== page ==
Saturday, October 30, 2010

Trick or Treat Indeed! (or, Empiricism and Fear)

Jon Stewart, a man whose ambitions I support with a tinge of conscience, has announced that he is going to march on Washington the day before Halloween to remind our elected officials that: everything is okay. Not to be outdone, Steve Colbert has announced that he will march opposite Stewart, protesting that everything is absolutely terrible.

Yes, funny stuff. But there is a point behind their punch line. Americans are afraid. The enlightenment optimism that is one of the most dynamic parts of our country’s heritage has been transformed as-of-late by another hangover of the enlightenment period: blind faith in empiricism. For, as any expert will tell you, the world is about to end and it’s mostly your fault.

One that note, I have a confession to make. I believe Al Gore. And, do you know what else, I believe Sarah Palin. Gore’s math seems quite sound to me: the booming world population HAS dumped thousands of tons of greenhouse gases into the atmosphere. Despite climate-gate and other conservative groups’ attempts to conspiraize the green movement, it seems self evident, given the number of humans and the nature of our energy expenditure, that the sheer amount of air pollution we’ve created must have some drastic adverse effect on the environment. (NOTE: I’m am NOT supporting the Green Movement’s conclusions, just agreeing with one true premise out of their many false ones).

Ms. Palin’s math is just as convincing. The United States has a ridiculous deficit. There is no way that increased spending will solve the problem. Yes, taxing the rich might put us out of the red by the end of the decade, but what then? If we try to maintain all the federally run programs that the current administration supports, it’s only a matter of time before it will slip out of the black again. (NOTE AGAIN: I am NOT a Tea Party enthusiast. I simply agree with their logical assertion that spending past your resources usually results in debt).

With both the environment and the economy, the math is infallible. Epiricism, after all, doesn’t lie. Put it on a pie chart, a bar graph, research it and record it and the facts are before you in black and white. (Or in multi-color 3-D graphics, if you happen to be reading a news-magazine. [Oh American periodical editors: no one makes catastrophe look as pretty as you do!]) We are doomed.

Yet, what is the real problem. Gore says greenhouse gases and Palin says pompous politicians, but our consciences ultimately implicate ourselves. We are the ones who drive gas guzzlers. We are the ones who demanded a high-price military, education system and social security program. We cannot deny our own greed. And that is the problem with empiricism: that, for all its facts and figures, it can’t silence conscience. The Green Movement and the Tea Party are driven by guilt ridden Americans who’ve been told that political activism can expiate their many sins. Carbon dollars are sold like indulgences. Tea Party members attend quasi-religious rallies where preachers expound like Glenn Beck and Glenn Beck like the preachers. This is escapism at its worst. Responsibility, after all, means beginning the change in your own heart.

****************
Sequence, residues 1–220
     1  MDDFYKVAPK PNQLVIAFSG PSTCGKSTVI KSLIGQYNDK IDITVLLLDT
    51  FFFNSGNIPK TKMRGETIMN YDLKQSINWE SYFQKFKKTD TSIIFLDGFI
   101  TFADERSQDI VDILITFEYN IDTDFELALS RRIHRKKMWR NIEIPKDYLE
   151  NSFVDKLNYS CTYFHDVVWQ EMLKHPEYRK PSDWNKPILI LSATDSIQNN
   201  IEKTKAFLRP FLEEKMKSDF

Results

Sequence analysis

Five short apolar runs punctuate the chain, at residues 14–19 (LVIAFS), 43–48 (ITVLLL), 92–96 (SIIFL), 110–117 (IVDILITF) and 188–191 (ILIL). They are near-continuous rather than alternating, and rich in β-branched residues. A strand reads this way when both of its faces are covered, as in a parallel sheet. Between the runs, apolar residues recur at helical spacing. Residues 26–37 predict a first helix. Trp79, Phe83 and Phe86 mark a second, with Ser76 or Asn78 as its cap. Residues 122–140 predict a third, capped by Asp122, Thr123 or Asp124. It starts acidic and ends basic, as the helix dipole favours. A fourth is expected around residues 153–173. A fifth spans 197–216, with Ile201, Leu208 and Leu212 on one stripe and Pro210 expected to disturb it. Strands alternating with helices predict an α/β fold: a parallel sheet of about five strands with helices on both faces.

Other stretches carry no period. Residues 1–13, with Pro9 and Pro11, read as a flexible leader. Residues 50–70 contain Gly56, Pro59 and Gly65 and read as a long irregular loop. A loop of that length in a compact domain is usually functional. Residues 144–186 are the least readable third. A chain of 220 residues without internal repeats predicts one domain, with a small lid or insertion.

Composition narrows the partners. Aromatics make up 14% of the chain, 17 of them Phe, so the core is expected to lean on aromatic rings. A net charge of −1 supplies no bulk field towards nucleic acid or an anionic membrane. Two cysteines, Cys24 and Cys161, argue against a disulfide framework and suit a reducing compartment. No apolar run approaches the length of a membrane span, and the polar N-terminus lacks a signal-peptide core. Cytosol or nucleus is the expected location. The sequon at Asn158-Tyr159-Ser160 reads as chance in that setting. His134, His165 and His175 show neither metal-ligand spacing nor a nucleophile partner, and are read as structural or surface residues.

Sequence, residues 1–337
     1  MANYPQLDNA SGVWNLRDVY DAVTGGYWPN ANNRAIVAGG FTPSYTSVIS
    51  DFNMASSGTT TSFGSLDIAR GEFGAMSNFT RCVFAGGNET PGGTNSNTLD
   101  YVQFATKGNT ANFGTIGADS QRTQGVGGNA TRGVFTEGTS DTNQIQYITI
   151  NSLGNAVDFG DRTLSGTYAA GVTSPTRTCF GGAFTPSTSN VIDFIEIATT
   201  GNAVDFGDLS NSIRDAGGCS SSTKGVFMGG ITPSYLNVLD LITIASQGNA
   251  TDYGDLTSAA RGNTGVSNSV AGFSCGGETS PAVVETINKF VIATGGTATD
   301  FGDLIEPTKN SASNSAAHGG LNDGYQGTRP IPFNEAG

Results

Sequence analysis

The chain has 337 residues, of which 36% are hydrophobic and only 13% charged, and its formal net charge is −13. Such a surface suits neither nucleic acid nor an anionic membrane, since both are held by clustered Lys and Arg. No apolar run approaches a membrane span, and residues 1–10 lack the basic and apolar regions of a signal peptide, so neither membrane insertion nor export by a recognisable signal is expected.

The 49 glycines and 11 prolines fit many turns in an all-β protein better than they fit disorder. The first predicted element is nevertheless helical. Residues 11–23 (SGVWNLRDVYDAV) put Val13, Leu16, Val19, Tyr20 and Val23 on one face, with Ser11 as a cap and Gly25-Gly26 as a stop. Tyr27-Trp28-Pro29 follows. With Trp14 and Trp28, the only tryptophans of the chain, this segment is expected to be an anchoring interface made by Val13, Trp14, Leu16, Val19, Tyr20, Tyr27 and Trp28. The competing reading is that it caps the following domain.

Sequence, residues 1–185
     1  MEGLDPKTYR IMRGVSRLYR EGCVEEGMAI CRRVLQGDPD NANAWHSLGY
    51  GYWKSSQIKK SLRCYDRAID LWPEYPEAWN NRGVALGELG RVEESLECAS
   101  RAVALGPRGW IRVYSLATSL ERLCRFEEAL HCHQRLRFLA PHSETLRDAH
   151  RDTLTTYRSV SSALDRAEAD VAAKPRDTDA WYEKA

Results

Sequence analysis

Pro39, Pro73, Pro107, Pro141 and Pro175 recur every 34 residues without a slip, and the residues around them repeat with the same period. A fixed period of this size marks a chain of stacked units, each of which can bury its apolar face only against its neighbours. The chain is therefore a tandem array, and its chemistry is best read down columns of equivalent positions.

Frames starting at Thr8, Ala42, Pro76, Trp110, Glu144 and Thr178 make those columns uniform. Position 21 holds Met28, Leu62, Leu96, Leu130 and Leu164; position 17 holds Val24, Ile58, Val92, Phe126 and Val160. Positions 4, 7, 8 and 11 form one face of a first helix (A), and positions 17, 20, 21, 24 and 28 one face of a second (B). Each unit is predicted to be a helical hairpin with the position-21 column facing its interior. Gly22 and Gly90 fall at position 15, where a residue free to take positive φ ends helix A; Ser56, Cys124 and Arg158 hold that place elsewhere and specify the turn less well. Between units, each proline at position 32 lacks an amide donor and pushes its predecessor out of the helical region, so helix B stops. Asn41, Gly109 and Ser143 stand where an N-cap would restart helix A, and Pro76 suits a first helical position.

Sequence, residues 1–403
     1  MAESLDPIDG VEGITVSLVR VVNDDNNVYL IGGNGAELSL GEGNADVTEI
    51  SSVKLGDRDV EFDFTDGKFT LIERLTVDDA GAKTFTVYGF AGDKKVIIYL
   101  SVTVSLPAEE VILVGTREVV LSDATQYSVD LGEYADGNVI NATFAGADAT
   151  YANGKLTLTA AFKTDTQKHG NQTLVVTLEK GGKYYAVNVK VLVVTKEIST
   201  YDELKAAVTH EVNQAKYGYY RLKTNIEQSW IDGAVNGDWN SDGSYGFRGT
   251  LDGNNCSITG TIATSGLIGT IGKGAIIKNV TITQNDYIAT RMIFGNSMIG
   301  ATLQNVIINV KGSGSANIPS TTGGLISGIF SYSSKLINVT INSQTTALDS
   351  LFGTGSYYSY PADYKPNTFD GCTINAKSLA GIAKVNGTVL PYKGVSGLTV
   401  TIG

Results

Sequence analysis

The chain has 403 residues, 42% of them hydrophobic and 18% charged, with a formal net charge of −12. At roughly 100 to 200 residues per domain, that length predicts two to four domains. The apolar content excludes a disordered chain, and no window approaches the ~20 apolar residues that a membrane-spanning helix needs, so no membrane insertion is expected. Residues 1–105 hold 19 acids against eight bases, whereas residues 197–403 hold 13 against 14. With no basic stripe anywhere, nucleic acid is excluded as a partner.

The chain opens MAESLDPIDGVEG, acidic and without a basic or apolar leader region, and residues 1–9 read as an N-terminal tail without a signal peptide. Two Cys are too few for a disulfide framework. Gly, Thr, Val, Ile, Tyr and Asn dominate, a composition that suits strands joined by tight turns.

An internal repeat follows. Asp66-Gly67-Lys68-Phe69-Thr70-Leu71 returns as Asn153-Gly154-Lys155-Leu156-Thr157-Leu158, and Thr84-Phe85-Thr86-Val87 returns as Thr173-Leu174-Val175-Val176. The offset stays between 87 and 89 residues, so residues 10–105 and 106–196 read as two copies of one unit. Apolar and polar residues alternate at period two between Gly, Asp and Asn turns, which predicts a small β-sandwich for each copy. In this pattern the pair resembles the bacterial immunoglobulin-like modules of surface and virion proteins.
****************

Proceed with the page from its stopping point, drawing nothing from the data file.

So to the Green of heart, I say stop using your iPhone! To the Tea Partier, sell your McMansion! Change your own life, remove the splinter from your own eye, and then tell the rest of us what to do. I believe sincerely in your sincerity. I ridicule not the true principles you stand for. I ridicule your behavior. O, Scribes and Pharisees, you hypocrites! You drain out the hydrocarbon but swallow the toxic waste. You preach tax cuts for the rich and then become rich yourself. You traverse the world to gain one convert and make him twice as silly as yourself! Trick or Treat indeed!

Ending on a bad note annoys me. Therefore, on Monday, I encourage each of you to celebrate the Holiday of All Saints. If you are looking for the people to change the world, the legion of Christ’s chosen should be more than sufficient.

Wednesday, October 20, 2010

Litany of the Passion by Blessed John Henry Newman

LORD, have mercy.                                                               Lord, have mercy.
Christ, have mercy.                                                              
Christ, have mercy.
Lord, have mercy.                                                                 
Lord, have mercy.
Christ, hear us.                                                          Christ, graciously hear us.
Son of Mary, hear us.                                    
Son of Mary, graciously hear us.

Heavenly Father, who hast Mary for Thy daughter,         Have mercy on us.
Eternal Son, who hast Mary for Thy mother,
Holy Spirit, who hast Mary for Thy spouse,
Glorious Trinity, who hast Mary for Thy handmaid,

Mary, Mother of the Living God,                                         Pray for us.
Mary, Daughter of the Light Unapproachable,
Mary, our light,
Mary, our sister,
Mary, stem of Jesse,
Mary, offspring of kings,
Mary, best work of God,
Mary, immaculate,
Mary, all fair,
Mary, Virgin Mother,
Mary, suffering with Jesus,
Mary, pierced with a sword,
Mary, bereft of consolation,
Mary, standing by the Cross,
Mary, ocean of bitterness,
Mary, rejoicing in God’s will,
Mary, our Lady,
Mary, our Queen,
Mary, bright as the sun,
Mary, fair as the moon,
Mary, crowned with twelve stars,
Mary, seated on the right hand of Jesus,
Mary, our sweetness,
Mary, our hope,
Mary, glory of Jerusalem,
Mary, joy of Israel,
Mary, honour of our people,

Lamb of God, who takest away the sins of the world,          Spare us, O Lord.
Lamb of God, who takest away the sins of the world,     
Graciously hear us, 
                                                                                                              O Lord.